Byline: Samantha Elkrief
I’ve been living gluten-free and sugar-free for a few years now. And let me tell you, I’ve learned a lot along the way! I’ve had lots of great guides, and lots of blunders, too (have you learned the difference between coconut powder and coconut flour? they are definitely not the same!).
Here are some of my favorite tips that helped me along my journey. Some of them I’ve heard a million times, but sometimes you just need to hear these things again and again.
1. Know Your Stuff
The first thing we learn are the basics; gluten can be found in wheat, barley, rye and oats. But, for whatever reason, gluten is hiding in a lot of what you think of as innocuous places. Soy sauce was one place I definitely didn’t expect to find wheat. Who decided to put that there? And that’s one of the tricky things. The food industry doesn’t always make sense. Which is why you are now charged with learning the information for yourself.
Another thing many people overlook as they begin to cut out gluten is that a lot of batters contain gluten. That includes the panko crumbs on your sushi or coating on your fish or chicken. Make sure to read ingredients. This is how you’ll learn.
Vitamins are another culprit that can contain hidden sources of gluten. When buying vitamins, you want to look for a section that says that there is no gluten or wheat in the product. There a number of lists online that detail what to avoid, and some retailers, like Whole Foods, keep lists of their gluten-free products. Remember, it’s up to you to know your stuff. And tip #2 is my advice to you as you work your way there.
2. Stand proud
Making the switch to living gluten-free can be a stressful transition, whether you have celiac disease or a food sensitivity. The most important thing to do at this point is to stand proud of your choice and know that you are doing it for your well being. People may make fun of you, or think it’s a drag to try to find a place to eat, but that’s their problem, not yours. You’re about to feel so much better, and that’s what this is about.
When you’re proud, you aren’t embarrassed to ask questions. Ask your waiter what is in the food you want to order off the menu. You can even call restaurants in advance to ask them if they can accommodate you. Be that person. It’s your life, it’s your health.
3. Explore and Experiment
Over the years I have discovered so many awesome recipes, products and people through changing my diet. And, believe it or not, every year it just gets better and better. Experimenting in the kitchen can be a lot of fun, and there are tons of bloggers that specialize in gluten-free food. Including baking. To tell you the truth, I was never a baker until I went gluten-free, and now I find it to be a ton of fun. You can make crackers, breads, cakes and cookies in ways you never would have imagined. Going gluten-free is just like any new skill. You’ll learn from those who came before you and through trial and error.
4. Get support
If you’re anything like me, you might feel like you can do everything on your own. Well, I won’t argue with you there! You definitely can. But it is so much easier and more enjoyable with others. Let people know what you’re up to so they can support you. Join a meetup or facebook group where you can chat with other gluten-free folks. Who knows, you may even make a friend or two!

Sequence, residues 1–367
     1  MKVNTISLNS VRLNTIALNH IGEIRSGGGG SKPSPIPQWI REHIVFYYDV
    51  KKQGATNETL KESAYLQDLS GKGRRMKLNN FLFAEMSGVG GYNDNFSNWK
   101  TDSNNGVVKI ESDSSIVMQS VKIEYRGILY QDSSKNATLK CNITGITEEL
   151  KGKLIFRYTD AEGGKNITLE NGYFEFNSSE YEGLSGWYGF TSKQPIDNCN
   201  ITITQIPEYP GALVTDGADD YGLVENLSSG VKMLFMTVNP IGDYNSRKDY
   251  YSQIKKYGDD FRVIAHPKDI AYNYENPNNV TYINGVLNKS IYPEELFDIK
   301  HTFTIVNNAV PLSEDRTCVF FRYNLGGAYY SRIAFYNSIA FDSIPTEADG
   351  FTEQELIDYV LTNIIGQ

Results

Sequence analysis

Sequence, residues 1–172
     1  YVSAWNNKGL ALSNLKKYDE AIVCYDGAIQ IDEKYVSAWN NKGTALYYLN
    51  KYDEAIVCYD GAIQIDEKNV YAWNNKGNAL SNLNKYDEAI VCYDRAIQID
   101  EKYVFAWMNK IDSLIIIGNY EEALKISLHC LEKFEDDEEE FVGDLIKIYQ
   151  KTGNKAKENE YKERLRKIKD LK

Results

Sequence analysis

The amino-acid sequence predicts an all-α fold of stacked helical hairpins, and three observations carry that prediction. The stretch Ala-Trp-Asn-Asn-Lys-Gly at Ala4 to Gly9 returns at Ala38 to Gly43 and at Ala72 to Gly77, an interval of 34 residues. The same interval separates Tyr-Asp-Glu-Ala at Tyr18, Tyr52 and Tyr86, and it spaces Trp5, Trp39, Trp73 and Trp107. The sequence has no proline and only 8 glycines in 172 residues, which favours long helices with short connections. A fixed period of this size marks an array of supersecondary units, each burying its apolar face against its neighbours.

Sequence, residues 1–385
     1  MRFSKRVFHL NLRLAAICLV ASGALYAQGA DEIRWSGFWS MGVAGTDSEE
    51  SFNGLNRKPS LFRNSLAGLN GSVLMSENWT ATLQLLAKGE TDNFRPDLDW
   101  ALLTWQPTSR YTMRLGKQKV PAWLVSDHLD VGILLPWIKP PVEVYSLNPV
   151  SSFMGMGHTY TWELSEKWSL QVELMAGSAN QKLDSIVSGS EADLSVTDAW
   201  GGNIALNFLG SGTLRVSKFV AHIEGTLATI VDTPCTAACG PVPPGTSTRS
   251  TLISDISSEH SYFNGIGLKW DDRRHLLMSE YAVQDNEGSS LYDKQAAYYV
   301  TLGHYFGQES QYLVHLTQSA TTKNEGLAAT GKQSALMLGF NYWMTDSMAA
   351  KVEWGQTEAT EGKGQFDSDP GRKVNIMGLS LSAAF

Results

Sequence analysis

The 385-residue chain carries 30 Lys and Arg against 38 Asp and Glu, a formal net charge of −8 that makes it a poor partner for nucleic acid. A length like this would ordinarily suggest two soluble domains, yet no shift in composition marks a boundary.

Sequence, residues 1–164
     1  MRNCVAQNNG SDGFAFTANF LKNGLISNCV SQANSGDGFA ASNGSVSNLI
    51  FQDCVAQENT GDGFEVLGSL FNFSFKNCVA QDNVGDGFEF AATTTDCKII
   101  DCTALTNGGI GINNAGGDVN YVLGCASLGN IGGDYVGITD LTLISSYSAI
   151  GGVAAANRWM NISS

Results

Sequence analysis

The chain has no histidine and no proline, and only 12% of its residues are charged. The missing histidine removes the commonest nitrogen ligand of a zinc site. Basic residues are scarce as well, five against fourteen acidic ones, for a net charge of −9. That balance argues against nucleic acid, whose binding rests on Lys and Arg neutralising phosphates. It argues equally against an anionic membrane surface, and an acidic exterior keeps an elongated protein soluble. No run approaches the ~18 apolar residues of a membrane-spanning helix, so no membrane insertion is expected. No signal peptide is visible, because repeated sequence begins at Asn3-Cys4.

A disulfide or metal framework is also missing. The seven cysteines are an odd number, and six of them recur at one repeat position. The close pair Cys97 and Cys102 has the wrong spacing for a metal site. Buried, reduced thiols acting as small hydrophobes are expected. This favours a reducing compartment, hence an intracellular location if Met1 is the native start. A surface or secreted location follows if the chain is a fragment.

Keep in mind that some people won’t support your lifestyle changes. The people you want in your life will support you, especially if your goal is to feel your very best. Just like it takes time to find recipes and restaurants that work for you, it may take time to find the right support network. It can also take time for friends and family to come around and support you. And, it will get better and easier over time.
5. Be ready
I don’t know about you, but when I’m hungry, I get moody. Apparently there is even a word for it – “hangry”. Since going gluten-free, finding food when I’m in this state has become harder. So, I prepare. You can keep almonds and chopped fruits in your bag, a prepped salad or dehydrated flax crackers.
It’s also important to make sure that you’ve got a pantry full of gluten-free goodies, so you don’t have to scramble when you get home. Keep hard boiled eggs in the fridge, and hummus and chopped veggies like carrots, zucchini or celery. And when you find a meal that you like, write it down. Over time you’ll build up a super diverse menu that doesn’t include pasta every night, and your friends will all be jealous of your meals. Who said gluten-free had to be boring?
I hope you’ve enjoyed my 5 tips on living gluten-free! If you’ve enjoyed these tips, check out my website and jump on my newsletter, I have tons of tips and tricks for those who struggle with less than optimal digestion and want to improve their health through diet and lifestyle.
Samantha Elkrief is a Social Worker and Holistic Health Coach committed to talking about everything and anything other people are embarrassed to talk about. As a health coach, I specialize in supporting people with less than optimal digestion find ways to live happier and fuller lives. For information about working with Samantha and upcoming classes, visit www.SimplySamanthaNYC.com.